In seminars across the country this year, I’ve been making a point of challenging all attendees with a simple Fair Housing quiz.   

Q:  If several applicants approached you to rent a home and all chose to go through your application process, who would you select? 

That question seems easy enough.  The overwhelming response is always, “the most qualified”.  If you too agree with that response, as 95% of most landlords would, STOP what you are doing!  Let me give you a wake up call, because you need to make a major mental adjustment to your current way of thinking.

  • Selecting the most qualified is NOT the right or “fair” housing response.  If you select on that basis alone, you open the door for a possible discrimination claim which is becoming the landlord nightmare. “Trick or Treat” is becoming an expression of reality for rental owners.  You either treat all applicants who approach your door with special care or you will receive a trick.  Last year, the average fair housing claim cost landlords $35,000.
  • You are not entitled to select the most qualified applicant.  The “fair” response is that you must select the FIRST person who meets your qualifications and there is a difference.

Let’s say one prospective tenant showed up at 10:00 Saturday morning to fill out an application for your rental.  He met your minimal requirements, but you wanted to take applications from others that day to see if there might be somebody better before you make your decision.  You are happy you waited because at 3:00 that day, a second applicant shows up who makes more money than the first applicant and he dresses a lot better.  The average landlord would go with the second applicant.  But in this scenario, prospective tenant number one could file a discrimination claim and win. 

How to Avoid a Discrimination Lawsuit

To avoid or reduce the chances of a discrimination accusation against you, there are several steps you can follow.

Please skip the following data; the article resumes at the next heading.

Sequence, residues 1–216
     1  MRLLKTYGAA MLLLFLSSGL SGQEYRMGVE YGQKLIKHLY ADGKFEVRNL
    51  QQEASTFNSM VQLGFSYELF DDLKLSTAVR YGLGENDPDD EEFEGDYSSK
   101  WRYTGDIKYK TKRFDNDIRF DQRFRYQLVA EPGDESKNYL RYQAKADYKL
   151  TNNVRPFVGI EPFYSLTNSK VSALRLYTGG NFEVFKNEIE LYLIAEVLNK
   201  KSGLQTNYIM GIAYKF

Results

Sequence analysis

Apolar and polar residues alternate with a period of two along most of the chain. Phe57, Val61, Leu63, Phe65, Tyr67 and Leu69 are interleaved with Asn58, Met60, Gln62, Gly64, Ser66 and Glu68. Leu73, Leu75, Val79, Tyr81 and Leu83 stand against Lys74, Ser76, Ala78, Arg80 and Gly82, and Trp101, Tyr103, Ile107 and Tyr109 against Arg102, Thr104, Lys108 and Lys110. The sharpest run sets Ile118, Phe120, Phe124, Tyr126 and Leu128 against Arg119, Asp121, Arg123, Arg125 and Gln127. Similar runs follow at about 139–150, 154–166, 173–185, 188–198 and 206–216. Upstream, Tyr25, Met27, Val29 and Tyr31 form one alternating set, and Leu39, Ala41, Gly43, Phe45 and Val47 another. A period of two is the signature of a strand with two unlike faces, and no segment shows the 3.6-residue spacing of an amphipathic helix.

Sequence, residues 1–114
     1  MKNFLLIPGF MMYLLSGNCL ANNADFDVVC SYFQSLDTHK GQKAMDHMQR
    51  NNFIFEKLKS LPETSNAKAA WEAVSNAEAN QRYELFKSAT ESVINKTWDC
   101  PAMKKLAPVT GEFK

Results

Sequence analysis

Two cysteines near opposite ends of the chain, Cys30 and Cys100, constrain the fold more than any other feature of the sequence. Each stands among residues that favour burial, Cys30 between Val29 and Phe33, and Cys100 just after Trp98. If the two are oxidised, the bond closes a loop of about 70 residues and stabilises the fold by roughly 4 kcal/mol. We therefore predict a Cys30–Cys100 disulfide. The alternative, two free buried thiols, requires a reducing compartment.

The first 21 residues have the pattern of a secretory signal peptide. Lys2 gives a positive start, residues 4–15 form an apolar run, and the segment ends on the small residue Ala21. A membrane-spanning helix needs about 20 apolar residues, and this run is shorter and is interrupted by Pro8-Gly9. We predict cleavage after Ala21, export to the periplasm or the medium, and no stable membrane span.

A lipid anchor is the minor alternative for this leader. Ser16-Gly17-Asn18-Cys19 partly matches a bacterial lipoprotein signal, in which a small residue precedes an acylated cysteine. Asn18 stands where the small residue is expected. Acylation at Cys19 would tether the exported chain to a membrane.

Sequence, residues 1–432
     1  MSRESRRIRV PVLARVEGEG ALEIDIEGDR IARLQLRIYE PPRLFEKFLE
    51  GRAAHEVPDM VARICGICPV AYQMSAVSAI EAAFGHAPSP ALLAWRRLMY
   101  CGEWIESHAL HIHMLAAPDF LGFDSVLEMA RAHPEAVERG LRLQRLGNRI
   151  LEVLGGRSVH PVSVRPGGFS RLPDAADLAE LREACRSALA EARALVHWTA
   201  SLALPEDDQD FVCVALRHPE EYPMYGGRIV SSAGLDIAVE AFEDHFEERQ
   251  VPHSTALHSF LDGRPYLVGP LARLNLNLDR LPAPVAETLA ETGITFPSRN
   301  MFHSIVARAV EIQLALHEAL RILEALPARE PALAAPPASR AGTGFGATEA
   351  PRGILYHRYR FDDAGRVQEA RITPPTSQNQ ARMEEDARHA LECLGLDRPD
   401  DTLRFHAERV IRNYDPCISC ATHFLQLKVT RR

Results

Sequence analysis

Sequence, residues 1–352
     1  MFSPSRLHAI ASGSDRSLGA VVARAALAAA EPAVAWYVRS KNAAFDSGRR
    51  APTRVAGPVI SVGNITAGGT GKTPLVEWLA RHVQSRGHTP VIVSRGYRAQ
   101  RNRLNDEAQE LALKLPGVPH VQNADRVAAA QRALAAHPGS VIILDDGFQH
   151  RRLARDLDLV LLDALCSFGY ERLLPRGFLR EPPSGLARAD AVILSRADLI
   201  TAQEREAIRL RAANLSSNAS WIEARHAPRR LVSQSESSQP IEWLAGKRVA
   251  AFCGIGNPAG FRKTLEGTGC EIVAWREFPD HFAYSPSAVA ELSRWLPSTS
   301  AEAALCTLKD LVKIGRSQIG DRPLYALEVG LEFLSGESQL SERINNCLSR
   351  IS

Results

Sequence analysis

• You need to start by having a WRITTEN LIST of minimal “objective” criteria for selecting and determining whether an applicant is qualified.  I suggest your list include criteria that can be proven or documented.  For example:  Monthly income is at least three times the monthly rent.  Avoid subjective criteria that you would have a harder time proving like “dresses poorly” or “there’s something not quite right about that person.”  Besides … both of those reasons do not provide you with a legal or “fair” reason for turning someone down.  And please don’t use the old fashion typical qualification of “must be working or employed”.  If that is one of your qualifications, let me give you another wake up call.
  • You cannot turn somebody down simply because they are not working!  You can turn someone down based on insufficient income, but you can’t be the judge on whether their source of income is proper (as long as it’s legal).

By having a written criteria list, you will be able to know when the first person meets your criteria and therefore avoid turning someone down who would be able to file a discrimination claim against you because you went with someone later who you thought would be better. 

Please note:  I don’t stop taking applications until the first person who qualifies pays all the money due for move-in and signs the lease.  Until then, I continue to take applications.   However, I judge all applicants in the order received.  (I do number my applications) to see who next meets my criteria. 

Most landlords don’t have a written list of criteria outlined and make their decisions on general but not consistent guidelines.  Others judge by vibrations given off by the prospective tenant and still some go by a gut feeling they have to select the best tenant.

[AOA members may download a “sample” copy of a written criteria list by visiting f http://www.aoausa.com/forms.  If you don’t have one, draw one up today to give today!] 

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